Wishing to use the new language of subjectivity developed throughout the 1980s to rekindle the potential for Feminist painting, Kass began leveraging art history for its cultural clout, cleverly injecting it with her own narrative. Warhol was a natural fit for the gesture, himself having appropriated photography for his signature screenprinted paintings. Kass carefully studied his techniques in order to emulate his style with incredible precision, deftly interjecting her own subject matter. For her initial foray into the series, in place of a portrait of Jackie Kennedy, Kass offered the recognizable profile of Barbra Streisand—an indelible icon of Jewish womanhood, and a crucial topic within Kass' total oeuvre.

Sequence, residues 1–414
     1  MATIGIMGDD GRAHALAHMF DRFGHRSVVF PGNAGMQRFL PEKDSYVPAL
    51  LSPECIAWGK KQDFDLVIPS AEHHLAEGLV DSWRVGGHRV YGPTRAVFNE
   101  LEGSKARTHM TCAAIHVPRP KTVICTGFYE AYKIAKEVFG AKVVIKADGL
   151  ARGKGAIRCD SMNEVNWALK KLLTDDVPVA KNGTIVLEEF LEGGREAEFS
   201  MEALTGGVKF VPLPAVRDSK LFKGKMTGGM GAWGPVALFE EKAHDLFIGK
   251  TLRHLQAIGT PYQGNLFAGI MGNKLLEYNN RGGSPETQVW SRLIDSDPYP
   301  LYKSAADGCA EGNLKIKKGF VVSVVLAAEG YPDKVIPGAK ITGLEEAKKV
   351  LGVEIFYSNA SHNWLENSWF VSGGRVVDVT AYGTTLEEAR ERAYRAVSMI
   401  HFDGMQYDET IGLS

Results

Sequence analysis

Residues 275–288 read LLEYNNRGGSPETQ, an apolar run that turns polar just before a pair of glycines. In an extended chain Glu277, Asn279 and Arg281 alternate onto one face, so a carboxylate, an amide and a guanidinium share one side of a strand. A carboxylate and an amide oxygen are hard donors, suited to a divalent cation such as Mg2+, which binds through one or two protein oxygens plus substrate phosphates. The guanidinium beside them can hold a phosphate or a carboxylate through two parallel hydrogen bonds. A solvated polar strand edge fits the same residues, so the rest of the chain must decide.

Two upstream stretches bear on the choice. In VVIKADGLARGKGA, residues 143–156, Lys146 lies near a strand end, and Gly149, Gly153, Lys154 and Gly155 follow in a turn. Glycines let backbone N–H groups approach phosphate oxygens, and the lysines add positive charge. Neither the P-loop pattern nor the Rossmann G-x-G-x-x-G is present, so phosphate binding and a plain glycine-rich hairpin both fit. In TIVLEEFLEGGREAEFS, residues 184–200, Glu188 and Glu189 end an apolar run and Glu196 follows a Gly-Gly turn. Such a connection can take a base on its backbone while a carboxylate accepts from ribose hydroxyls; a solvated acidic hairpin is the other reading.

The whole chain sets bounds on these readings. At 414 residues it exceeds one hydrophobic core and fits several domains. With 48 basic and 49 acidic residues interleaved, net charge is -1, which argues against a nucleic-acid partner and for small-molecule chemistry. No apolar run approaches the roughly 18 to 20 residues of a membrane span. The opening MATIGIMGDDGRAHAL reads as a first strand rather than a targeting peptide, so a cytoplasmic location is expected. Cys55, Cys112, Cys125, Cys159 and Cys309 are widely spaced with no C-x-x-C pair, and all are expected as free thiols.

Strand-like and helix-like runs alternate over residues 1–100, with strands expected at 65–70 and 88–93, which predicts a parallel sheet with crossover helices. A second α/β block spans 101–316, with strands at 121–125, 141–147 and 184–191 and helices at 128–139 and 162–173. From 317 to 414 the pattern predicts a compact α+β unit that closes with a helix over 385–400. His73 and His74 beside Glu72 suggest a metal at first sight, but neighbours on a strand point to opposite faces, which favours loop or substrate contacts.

Kass revisits Streisand in her My Elvis series, which features an image of Streisand from the film Yentl. Based on Warhol's beloved image of Elvis as a cowboy, Kass' Yentl speaks to a story of rebellion, power disruption, and gender politics. The film Yentl tells the story of a Jewish woman who dresses and lives as a man in order to receive an education in the Talmudic Law, and features a love triangle between herself (dressed as a man), another man, and another woman.
Warhol Project

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Kavi Gupta Gallery
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